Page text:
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Open letter: Looking through the mirror

| Friday, January 21, 2022

Speaking from a retrospective point of view, last semester was certainly a unique blend of everything that had been missing over the past two years. The dining halls bustled with laughter and commotion, and intensely long wait lines became the norm for the evenings. Tailgating made its return during football season, and performance halls opened their doors to provide viewers with authentic experiences. As the University thrives in a state of normalcy that we once took for granted, it is easy to overlook some of the achievements that we, as students, have accomplished. While we continue our hard work, it is also vital that we take the time to rest and recharge. Dealing with our difficulties before they become emergencies is a strong recipe for overall success. There is nothing wrong with slowing down, taking a break, and calling for help, especially when we find ourselves in dire need of it.

There is no shortage of stress in our lives. While our main focus here may be on academics, there is still a human being that lies behind the student and a life that extends well beyond the classroom. At times, the pressures of academic and career successes may appear overwhelming, but these do not hinder us from achieving our goals. We often find ways to overcome such challenges and put in the time and effort needed to be successful. Day in and day out, we prepare ourselves and persevere through troubles in pursuit of a degree that is bound to take us wherever we want to go in life. While studying, doing homework, going to class and paying attention all create good results academically, they only represent one aspect of our lives. Yes, it is certainly important to do well in school. However, it does not reign supreme over all, and other principal pieces in life must be nourished and cared for as well. In true Notre Dame fashion, it is very common for us to overachieve and overextend — it is something that we have done for a large portion of our lives. In doing so, we must be careful to not neglect matters that are important to us and find a balance that brings us comfort holistically.

Every aspect of a person’s life is important. No matter if it is physical, spiritual, mental, social, emotional or any other category, each one contributes to our overall condition and well-being. Now, with this in mind, these different matters certainly do not show up in the same ways in all of our lives. Some aspects may carry more value and require more time and effort than others, while the rest may only represent a small portion of our personal peace. Regardless of their individual significance, the many aspects of life collectively work together to build endurance and maturity. In addition to this, they provide sources of stability when life gets rough.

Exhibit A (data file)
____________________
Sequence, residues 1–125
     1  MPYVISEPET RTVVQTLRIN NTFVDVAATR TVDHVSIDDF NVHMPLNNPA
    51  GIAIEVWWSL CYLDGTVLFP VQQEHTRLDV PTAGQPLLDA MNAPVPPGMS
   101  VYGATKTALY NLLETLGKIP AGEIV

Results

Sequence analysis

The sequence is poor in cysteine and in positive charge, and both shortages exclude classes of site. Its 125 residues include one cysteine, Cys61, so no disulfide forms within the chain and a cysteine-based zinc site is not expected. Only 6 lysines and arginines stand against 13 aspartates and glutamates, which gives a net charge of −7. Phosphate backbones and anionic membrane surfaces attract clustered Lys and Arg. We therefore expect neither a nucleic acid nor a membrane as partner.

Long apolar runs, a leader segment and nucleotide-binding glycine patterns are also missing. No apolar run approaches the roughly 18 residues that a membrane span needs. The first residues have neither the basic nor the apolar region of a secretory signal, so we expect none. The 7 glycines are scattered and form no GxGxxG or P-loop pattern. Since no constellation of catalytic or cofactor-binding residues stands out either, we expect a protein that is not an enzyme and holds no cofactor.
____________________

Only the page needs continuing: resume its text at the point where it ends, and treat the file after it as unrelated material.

This centralized balance — a relaxed state — flourishes when we find that the bulk of our needs are met and we have adequately spent time maintaining the different parts of us that make us human. More often than not, this is never actually the case, and we spend a lot of time responding to the different challenges that life presents. Life is hard, and at certain points, it can get really crazy. During these rough patches, we may find ourselves prioritizing our tasks in a way that simply isn’t sustainable for integrative, long-term growth. We may have control for a while, but burnout, exhaustion and fatigue slowly morph into anxiety, depression and numbness; and this makes even the smallest tasks demand a large chunk of our energy. The constant sad-to-unproductive cycle generates an intensified and continued neglect that leaves us feeling extremely discouraged in life. Left unchecked, these issues can seep into the different avenues of our lives, and we may feel as if our whole world is crashing down on us.

It is during these times that we may feel that all hope is lost. Situations worsen and a growing sense of apathy begins to diffuse throughout our spirit before finally settling in permanently. Going to class becomes hard. Talking to other people feels draining. Our thoughts become intrusive and make us believe that we burden other people with our presence. The list goes on and on, varying broadly between individuals.